ECIU Start-up Discovery Journey

| Michaela Nesvarova

Entrepreneurship is everywhere within the ECIU network. New business ideas and hopeful start-ups pop up at the partner universities every day. To give young entrepreneurs a better fighting chance in today's ‘global village’, ECIU universities have decided to harvest the expertise of the entire network and create a joint international ‘start-up accelerator’ programme.

The core idea behind the programme is to accelerate the development of young companies,’ explains Maria Johnston from the Dublin City University (DCU), the institute that first submitted the proposal for the programme. ‘It is a completely shared programme, not to be led by only one institute. Its main goal is to use expertise of all the partners, all the different backgrounds and cultures.’

‘Each region and university has a different approach to entrepreneurship and commercialization of research,’ says Shane Carter, the programme coordinator based at the DCU. ‘Which is why it was important for us to bring people together, give them easy access to local mentors and allow them to form strong collaborations with their colleagues from other ECIU universities.’  

‘Short, compact and action packed’

The pilot of the programme was organized in the fall of 2017 and involved participants from five ECIU universities. It took place in three ECIU member locations – Dublin, Aalborg, Linköping - and consisted of training workshops relevant for starting companies, such as courses on Financial Modeling, Pitching or Sales Strategy. ‘We wanted to create a really immersive experience - the programme was short, compact and action packed,’ describes Carter. ‘We want to give the start-ups a solid foundation before they enter the real world.’

‘We want to give start-ups a solid foundation before they enter the real world’

The pilot programme was open to any starting companies from the participating universities and eventually involved ten teams, mostly formed by students and PhD researchers. ‘We got a very good response from our participants,’ says Johnston. ‘We believe they really benefited from seeing different ecosystems and from networking among each other. The pilot ended last November and the ECIU Board decided the same month, to run the programme again next year fall.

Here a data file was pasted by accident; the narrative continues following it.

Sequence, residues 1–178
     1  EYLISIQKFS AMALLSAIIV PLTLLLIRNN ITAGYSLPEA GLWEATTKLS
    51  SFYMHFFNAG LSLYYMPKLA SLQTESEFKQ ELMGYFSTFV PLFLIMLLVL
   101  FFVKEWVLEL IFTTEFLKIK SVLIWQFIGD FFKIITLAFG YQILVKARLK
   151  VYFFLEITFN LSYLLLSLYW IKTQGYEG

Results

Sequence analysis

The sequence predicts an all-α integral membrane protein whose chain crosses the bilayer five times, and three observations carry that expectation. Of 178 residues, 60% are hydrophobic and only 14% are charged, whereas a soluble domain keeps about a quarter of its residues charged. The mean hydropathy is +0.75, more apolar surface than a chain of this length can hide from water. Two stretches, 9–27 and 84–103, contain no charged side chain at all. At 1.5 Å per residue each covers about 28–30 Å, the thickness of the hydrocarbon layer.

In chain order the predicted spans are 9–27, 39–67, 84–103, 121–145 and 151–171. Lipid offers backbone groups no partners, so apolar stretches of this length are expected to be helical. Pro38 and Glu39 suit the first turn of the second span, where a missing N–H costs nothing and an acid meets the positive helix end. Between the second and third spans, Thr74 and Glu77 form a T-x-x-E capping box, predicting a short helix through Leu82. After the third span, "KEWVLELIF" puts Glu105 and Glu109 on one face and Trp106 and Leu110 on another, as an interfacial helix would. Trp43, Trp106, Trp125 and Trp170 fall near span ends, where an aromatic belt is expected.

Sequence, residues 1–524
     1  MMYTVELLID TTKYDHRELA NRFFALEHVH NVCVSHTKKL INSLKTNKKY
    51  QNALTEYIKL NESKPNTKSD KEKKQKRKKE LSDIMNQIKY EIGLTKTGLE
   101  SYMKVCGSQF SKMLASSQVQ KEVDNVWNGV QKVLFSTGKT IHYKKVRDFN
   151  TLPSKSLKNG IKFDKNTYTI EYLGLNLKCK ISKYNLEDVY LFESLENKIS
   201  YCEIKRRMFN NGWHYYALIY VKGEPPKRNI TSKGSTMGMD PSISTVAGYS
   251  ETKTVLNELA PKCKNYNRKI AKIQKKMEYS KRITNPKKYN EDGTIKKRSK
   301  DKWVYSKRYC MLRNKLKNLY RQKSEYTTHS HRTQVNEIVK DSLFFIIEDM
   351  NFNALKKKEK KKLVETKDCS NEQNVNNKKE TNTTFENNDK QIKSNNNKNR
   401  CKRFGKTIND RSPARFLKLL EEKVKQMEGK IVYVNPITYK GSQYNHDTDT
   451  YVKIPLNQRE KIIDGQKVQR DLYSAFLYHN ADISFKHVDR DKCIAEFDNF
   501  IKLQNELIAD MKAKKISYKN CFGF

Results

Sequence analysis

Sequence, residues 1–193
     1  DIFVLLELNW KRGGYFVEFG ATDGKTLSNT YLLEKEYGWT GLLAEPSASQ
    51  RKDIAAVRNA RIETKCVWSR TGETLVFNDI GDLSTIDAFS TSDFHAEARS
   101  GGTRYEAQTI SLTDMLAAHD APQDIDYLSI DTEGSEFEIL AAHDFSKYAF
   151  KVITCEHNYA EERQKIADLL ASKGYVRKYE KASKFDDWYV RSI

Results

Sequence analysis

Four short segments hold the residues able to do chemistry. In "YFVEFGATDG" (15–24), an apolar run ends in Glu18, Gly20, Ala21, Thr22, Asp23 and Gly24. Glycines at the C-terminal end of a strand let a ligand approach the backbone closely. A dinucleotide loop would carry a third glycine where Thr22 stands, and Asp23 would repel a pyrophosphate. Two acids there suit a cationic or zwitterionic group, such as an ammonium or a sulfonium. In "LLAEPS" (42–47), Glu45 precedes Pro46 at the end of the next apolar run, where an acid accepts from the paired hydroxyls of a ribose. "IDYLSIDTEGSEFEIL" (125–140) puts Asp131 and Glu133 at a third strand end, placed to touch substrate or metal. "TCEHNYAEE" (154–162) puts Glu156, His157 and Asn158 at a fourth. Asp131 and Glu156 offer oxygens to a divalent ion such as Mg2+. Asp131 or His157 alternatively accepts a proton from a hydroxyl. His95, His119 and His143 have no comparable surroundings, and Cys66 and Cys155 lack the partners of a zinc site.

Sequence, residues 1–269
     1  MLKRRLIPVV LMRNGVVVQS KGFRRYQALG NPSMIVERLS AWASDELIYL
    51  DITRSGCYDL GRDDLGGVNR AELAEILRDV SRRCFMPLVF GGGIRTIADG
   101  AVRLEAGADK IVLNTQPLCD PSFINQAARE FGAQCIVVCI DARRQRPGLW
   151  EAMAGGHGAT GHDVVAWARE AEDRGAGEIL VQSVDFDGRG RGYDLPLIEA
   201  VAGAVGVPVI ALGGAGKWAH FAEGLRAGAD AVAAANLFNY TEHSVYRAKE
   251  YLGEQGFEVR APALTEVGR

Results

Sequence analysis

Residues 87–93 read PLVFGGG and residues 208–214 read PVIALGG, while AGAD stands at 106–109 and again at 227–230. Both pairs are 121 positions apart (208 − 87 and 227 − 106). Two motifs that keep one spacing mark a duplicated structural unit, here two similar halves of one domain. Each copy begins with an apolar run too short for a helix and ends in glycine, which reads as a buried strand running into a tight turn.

What do the participants think?

The end of programme was marked by a pitching contest. An independent panel of entrepreneur 'dragons' selected Happy Scribe as the winner, winning a prize of 2000 euro.

With origins at the DCU in Ireland, Happy Scribe offers an automated transcription tool for journalists and researchers. They claimed the victory thanks to their  ‘break neck adoption speed and customer validation’.

What did the team think of the programme? ‘The most interesting part was to meet other young entrepreneurs, exchange ideas and learn from each other,’ says André Bastié, co- founder of Happy Scribe. ‘Visiting other countries was also really useful. It showed us that we don't see entrepreneurship the same way throughout Europe and it provided us with different insights into our business.’


Linköping University organized the final workshop

Linköping University (LiU) is one of the universities hosting a workshop  and also the final pitch of the ECIU Startup Discovery Programme. ‘The aims of the programme agree well with LiU’s ambition to demonstrate in translating ideas and research results into practical applications. The participation from our side is handled by the university innovation office, LiU Innovation,’ says Vice-Chancellor Helen Dannetun.

Ten projects were selected to participate in the pilot programme in Dublin, Aalborg and Linköping University during the autumn of 2017. They were all at preliminary stages, and come from several fields. Linköping University’s contribution was the ‘Worldish’ project, with its digital translation tool ‘Helen’, intended for use within medical care. The service removes language barriers between patients and healthcare personnel.

‘Even though the projects cover an enormous diversity of fields, they face many of the same challenges. The various startup projects have benefited greatly by exchanging experiences with each other and establishing international networks,’ says Gio Fornell, head of LiU Innovation.

LiU Innovation

The mission of the innovation office at Linköping University, LiU Innovation, is to support students, researchers and employees at LiU as they develop their ideas. LiU Innovation also plays an important role in knowledge transfer between Linköping University and the business world in the region. 


ECIU is a consortium of twelve, young universities that share their core values. Innovation and entrepreneurship are in the DNA of the members. The universities come from regions where the economy came under pressure following the decline of traditional sectors such as textile and shipping. The universities are the result of a regional need to have highly educated people for the economy of the future and to develop new industries. That is why all partners have very close ties to their region and the industry, while also having an international mindset.


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